➤ Determine if the booth is a capital expenditure (CAPEX) or an operating expense (OPEX). With an OPEX you can pretty much do as you wish with your existing stand. A CAPEX involves depreciation over time, and discarding a booth before it's fully depreciated could have negative tax consequences.
➤ Ascertain the exhibit's Net Book Value. Generally speaking, refurbishments shouldn't cost more than the booth is worth.
➤ Assess fiscal budgeting timelines and historicals.
➤ Request ballpark budgets from your exhibit house, including estimates for building new, renting, and refurbishing.
➤ Inquire about exhibit-house booth-disposal fees.

Step Two: Scrutinize Your Existing Stand
If step one indicates that a change is financially possible, carefully consider what you want to alter about your stand and what directions those changes might take.

➤ Revisit your marketing objectives and update your current list of needs and wants.
➤ Examine your stand as it relates to your objectives. Does it, or could it, meet your demands with modifications? Do you need a whole new booth, or might a refurbishment suffice?
➤ Complete a cost of operation (COO) analysis to determine whether costs such as transportation, drayage, graphic updates, etc. are manageable or exorbitant. Consider whether a new structure could save money by decreasing COO fees.
➤ Analyze your long-term exhibit requirements and your stand's ability to adapt to your demands, as well as ongoing graphic and technology upgrades.

Step Three: Run the Numbers
If it seems like your exhibit needs a reboot, or it's clearly headed for the scrap heap, assess the following options.

New Build – Secure both a new-build estimate as well as your existing structure's rental and buyback options. Investigate all disposal methods and associated fees.
Refurbishment – Determine which elements can be refurbished and at what cost. Factor in cost savings accrued from replacing heavy components with new lighter-weight options.
Rental – Examine and price-compare rental programs.
Hybrid Solution – Consider whether a combination of the aforementioned options might best fit your needs.
To prepare, gather all of your reports regarding your current objectives and the exhibit's shortcomings. Make special notes about specific deficiencies, such as a lack of reconfigurability, lengthy setup times, in-booth traffic jams, etc., and identify favorite elements you can't live without. Then assemble all assets that still exist from the original build, such as CAD assembly drawings, photos, material specs, crate manifests, lighting designs, etc. In effect, collect anything and everything related to what you want and don't want, what you might want to reuse, and whatever information you or the exhibit house might need to sell or rent your exhibit. During your meeting, present the information and ask your rep to analyze the pros and cons of the following four options.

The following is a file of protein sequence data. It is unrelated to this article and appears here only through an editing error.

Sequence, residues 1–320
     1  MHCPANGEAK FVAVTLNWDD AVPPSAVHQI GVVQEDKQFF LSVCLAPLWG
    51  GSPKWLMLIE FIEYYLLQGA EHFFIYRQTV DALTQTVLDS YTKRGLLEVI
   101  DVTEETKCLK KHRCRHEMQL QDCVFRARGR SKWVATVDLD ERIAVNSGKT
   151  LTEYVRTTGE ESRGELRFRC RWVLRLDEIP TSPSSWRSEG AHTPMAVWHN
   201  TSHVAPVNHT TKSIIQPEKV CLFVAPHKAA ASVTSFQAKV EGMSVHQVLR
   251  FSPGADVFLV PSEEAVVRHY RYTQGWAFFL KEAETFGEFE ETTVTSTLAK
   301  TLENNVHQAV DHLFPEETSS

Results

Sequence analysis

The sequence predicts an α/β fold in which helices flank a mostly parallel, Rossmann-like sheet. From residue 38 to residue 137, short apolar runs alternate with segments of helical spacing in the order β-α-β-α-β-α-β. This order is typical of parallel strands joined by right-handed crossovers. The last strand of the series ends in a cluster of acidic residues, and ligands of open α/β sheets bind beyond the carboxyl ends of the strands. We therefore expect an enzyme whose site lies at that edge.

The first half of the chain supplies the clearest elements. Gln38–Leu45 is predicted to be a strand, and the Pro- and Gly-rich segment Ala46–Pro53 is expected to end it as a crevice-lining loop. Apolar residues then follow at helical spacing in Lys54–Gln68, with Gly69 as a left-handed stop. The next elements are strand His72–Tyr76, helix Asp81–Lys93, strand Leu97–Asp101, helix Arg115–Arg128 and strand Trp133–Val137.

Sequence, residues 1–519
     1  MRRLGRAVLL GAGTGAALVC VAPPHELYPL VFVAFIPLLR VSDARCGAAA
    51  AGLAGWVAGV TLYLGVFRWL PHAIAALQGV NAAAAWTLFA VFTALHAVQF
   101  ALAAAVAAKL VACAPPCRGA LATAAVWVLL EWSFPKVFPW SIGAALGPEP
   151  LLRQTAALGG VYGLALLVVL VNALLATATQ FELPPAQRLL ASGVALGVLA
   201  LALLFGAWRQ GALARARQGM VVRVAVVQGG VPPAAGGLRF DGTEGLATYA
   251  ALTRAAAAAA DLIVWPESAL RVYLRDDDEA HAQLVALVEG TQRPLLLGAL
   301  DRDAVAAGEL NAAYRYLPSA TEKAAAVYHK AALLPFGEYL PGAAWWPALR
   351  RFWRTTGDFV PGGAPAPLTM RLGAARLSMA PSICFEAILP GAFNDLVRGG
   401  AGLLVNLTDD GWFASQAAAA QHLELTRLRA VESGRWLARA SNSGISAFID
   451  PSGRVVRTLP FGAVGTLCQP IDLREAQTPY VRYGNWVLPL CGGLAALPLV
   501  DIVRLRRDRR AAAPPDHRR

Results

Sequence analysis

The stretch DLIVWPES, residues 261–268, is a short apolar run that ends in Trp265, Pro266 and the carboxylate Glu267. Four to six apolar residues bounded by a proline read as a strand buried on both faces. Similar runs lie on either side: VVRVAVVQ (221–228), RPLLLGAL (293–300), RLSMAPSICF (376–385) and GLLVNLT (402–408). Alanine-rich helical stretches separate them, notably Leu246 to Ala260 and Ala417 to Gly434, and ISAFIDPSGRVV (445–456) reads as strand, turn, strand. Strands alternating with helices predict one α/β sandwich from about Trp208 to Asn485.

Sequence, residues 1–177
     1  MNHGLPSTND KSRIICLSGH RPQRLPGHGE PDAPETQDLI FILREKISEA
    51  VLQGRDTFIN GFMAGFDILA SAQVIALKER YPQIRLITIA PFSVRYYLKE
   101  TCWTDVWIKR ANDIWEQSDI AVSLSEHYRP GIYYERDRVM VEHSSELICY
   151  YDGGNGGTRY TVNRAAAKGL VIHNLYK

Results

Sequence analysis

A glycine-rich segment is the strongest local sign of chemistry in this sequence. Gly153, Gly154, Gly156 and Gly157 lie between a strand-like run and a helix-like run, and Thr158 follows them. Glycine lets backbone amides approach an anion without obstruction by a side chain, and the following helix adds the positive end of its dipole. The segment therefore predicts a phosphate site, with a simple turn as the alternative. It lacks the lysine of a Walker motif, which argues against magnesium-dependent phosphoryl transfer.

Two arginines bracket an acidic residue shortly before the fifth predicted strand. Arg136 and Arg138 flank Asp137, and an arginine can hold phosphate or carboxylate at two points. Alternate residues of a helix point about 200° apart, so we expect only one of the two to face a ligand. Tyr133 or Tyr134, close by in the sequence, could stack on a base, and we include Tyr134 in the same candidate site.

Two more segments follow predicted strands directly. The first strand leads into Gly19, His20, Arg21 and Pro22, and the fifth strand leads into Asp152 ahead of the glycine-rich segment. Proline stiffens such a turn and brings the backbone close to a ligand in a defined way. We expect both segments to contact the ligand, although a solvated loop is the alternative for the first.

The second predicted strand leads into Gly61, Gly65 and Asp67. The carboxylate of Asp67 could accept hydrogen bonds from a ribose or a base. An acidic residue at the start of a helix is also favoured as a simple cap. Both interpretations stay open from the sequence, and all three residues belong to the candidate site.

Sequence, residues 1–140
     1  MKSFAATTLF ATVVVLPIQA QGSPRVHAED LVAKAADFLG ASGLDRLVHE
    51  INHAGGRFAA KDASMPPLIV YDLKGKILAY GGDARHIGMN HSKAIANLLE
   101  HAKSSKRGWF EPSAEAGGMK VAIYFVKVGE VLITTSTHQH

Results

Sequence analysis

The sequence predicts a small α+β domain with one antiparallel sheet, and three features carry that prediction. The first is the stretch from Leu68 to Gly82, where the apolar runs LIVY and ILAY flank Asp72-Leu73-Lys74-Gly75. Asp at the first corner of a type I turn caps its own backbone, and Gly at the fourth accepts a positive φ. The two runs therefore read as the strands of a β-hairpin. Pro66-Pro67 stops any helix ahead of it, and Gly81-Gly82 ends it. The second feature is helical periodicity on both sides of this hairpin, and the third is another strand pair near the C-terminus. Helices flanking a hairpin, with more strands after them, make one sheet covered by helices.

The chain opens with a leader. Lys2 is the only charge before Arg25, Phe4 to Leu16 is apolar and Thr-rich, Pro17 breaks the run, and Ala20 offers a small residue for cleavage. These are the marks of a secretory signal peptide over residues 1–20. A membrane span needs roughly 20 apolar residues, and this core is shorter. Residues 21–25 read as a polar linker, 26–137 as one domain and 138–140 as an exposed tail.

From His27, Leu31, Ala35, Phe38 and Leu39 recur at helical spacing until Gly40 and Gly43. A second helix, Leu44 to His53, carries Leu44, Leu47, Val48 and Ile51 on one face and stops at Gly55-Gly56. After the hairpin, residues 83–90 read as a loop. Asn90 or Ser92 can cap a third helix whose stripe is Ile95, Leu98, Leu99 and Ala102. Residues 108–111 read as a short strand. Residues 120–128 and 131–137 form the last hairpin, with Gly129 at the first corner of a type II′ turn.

➤ 1. New Build – A new exhibit will almost certainly bring in the most revenue for the exhibit house, so your rep may initially steer the conversation in that direction. And that's perfectly fine as long as you eventually talk about all other options. But as the rep prepares additional new-build estimates (which are over and above the range and the line-item COO comparison you asked for in step two), sources suggest you also inquire about the current value of your existing structure and the rental and buyback options the firm can offer. If the exhibit house is willing, you may be eligible for a trade-in discount on a new booth.
And don't forget that buying a new stand will likely involve throwing out the old one. So now's the time to get detailed information about exhibit-house fees to dispose of your existing booth along with info on what these charges entail. "Typically charged by the pound, disposal fees can vary widely depending on the local landfill restrictions as well as the amount of recycling involved," Chavez says. "California landfills, for instance, want to know what types of paints and adhesives were used in the structure, among other things, and some materials that might be accepted in other states, such as plastic laminates and multiple types of paint, are considered hazardous and are banned from landfills. In Texas, on the other hand, landfills don't ask a lot of questions, and disposal charges are much cheaper than in California."

In addition, the exhibit house may need to remove certain components, such as electronics, appliances, batteries, fluorescent bulbs, and more, and transport them to special recycling centers for disposal. Or it may deconstruct everything to remove recyclable components such as aluminum and various types of plastic. Not surprisingly, this added labor can tack on an additional expense.

At this point, also investigate other disposal options that don't involve your exhibit house: donating your exhibit to charity, selling it yourself or through a third-party site such as LuckyExhibits.com, or reusing components within your organization. You may be able to completely eliminate or at least decrease exhibit-house disposal fees. So before you finalize any decisions, make sure you have a clear picture of what options are available, what's involved in disposal, and how much each option will cost.

➤ 2. Refurbishment – "Depending on your exhibit's original construction, everything from counters and walls to lights, crates, and carpet can be repaired and refurbished," Swan says. Ask your exhibit house for detailed advice about which of your components can easily be refurbished and how much such alterations might cost.